Lone Wolf and Cub 1: The Assassin's RoadThe Japanese have a history of graphical storytelling that's infused into their heritage. One of the most respected of the modern manga (the Japanese word for comic) is this, Lone Wolf and Cub. This first volume introduces us to the character of Ogami Itto, the Lone Wolf of the title, and his son, Diagoro. Ogami has chosen to relinquish his samurai past and take the path of the ronin - a wandering, master-less samurai who earns his living as a sword for hire. Diagoro, despite being a mere toddler, is also considered for hire and will often be used as part of a trap set for the Lone Wolf's next victim. Even Diagoro's pram has a shielded steel underside and conceals weapons should Ogami's trusty sword be taken away from him.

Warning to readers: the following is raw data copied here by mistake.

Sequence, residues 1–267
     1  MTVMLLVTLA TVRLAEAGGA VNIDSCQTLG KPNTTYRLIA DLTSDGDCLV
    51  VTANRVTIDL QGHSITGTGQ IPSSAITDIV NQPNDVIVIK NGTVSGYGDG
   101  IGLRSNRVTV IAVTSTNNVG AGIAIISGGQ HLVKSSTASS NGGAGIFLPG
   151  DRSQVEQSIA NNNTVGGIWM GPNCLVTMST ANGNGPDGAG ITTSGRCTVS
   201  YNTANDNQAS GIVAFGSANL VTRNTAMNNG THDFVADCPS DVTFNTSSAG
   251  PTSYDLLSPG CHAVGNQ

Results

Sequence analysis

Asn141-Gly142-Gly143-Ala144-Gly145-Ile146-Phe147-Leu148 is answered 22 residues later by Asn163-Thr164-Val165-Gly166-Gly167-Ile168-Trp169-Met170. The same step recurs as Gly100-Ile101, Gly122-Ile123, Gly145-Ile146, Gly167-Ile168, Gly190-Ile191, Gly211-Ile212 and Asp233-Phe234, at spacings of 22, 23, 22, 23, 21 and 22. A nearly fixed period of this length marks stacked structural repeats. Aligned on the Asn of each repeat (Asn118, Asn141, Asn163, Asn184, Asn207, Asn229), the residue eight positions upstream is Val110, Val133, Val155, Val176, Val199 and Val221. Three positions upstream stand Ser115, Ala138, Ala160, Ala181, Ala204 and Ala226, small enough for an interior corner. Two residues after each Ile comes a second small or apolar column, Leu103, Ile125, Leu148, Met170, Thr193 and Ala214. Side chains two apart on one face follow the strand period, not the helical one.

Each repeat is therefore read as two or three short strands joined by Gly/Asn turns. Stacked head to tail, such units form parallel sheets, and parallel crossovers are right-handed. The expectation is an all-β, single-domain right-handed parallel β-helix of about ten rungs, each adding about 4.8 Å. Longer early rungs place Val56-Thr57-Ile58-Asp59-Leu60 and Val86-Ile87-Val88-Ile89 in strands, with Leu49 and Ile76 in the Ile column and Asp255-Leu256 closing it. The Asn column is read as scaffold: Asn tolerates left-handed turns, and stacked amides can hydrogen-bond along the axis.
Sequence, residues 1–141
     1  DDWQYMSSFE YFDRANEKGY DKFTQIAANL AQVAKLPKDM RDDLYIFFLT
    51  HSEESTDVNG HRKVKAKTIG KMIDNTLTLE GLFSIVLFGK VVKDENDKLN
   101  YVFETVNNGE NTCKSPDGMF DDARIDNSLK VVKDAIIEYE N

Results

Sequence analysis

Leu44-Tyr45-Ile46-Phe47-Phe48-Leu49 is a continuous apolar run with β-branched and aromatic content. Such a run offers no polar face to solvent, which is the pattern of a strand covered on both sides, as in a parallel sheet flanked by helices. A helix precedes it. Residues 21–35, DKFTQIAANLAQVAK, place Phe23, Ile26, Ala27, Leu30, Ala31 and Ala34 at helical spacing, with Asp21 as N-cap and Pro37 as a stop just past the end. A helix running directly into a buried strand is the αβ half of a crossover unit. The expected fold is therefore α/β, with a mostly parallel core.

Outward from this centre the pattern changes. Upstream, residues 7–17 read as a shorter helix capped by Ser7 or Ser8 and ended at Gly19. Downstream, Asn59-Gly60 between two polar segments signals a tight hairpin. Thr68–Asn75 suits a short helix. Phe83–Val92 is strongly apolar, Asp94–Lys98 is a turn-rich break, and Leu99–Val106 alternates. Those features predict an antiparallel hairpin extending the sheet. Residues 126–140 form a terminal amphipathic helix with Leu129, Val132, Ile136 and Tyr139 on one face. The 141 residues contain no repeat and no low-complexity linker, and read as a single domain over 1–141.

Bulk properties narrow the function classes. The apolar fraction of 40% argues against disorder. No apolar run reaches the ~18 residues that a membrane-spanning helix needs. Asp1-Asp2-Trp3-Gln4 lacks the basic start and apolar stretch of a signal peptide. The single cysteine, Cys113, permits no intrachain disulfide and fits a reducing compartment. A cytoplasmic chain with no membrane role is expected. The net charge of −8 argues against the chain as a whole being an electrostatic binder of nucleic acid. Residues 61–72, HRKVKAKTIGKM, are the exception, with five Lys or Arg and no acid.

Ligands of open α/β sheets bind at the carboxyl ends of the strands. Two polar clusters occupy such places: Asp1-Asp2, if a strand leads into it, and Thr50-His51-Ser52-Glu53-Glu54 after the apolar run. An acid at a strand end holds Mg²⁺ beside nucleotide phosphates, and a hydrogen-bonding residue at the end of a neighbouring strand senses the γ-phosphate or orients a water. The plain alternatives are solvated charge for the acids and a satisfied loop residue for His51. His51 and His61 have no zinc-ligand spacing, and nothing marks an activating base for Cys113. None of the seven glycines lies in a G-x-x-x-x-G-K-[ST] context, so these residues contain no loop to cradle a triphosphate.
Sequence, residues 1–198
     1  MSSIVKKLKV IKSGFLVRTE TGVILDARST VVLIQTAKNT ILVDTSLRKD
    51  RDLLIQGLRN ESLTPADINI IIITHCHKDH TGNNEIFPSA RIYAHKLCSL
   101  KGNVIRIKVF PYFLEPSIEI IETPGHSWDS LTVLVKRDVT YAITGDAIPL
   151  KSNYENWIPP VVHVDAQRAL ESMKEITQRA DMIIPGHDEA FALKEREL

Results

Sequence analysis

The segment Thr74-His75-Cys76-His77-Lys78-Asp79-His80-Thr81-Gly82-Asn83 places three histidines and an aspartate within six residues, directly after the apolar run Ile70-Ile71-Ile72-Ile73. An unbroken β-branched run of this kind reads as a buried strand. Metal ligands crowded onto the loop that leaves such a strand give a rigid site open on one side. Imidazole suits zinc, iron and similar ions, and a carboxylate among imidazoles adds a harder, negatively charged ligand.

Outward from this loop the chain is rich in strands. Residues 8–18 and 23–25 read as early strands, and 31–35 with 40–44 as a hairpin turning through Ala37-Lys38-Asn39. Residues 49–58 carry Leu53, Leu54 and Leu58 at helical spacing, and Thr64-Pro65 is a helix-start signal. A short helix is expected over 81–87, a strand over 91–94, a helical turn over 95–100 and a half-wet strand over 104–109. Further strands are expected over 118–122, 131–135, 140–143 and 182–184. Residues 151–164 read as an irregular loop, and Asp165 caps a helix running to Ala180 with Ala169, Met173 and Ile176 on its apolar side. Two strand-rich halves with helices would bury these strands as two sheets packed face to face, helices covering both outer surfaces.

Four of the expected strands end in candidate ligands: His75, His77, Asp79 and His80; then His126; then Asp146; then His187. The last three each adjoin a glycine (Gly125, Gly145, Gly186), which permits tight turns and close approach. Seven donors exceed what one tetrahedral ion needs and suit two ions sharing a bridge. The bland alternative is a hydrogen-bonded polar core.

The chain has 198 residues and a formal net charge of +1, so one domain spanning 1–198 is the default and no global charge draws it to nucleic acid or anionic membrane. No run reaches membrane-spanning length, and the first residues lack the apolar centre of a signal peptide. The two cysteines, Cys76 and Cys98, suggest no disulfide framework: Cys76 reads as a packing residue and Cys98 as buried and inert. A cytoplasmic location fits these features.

Here we have nine stories that show a number of sides to the assassin's character. The plotting is tightly scripted, letting the visuals do the hard work when necessary. And the artwork itself is gloriously cinematic, obviously influenced by directors like Akira Kurosawa, the black and white of the page giving it the feel of a classic Japanese samurai movie.
The reprint format for this series feels a little small, though the main benefit is that they're conveniently shaped for carrying around if you're interested in reading graphic novels while you travel.
No matter what size it's printed in though, this is a classic series that any fan of Japanese samurai culture should pick up. There's a mammoth quantity of work in the series but start here and follow it up when you can, and you won't be disappointed.
Dark Horse Comics
Next in series
Lone Wolf and Cub 2: The Gateless Barrier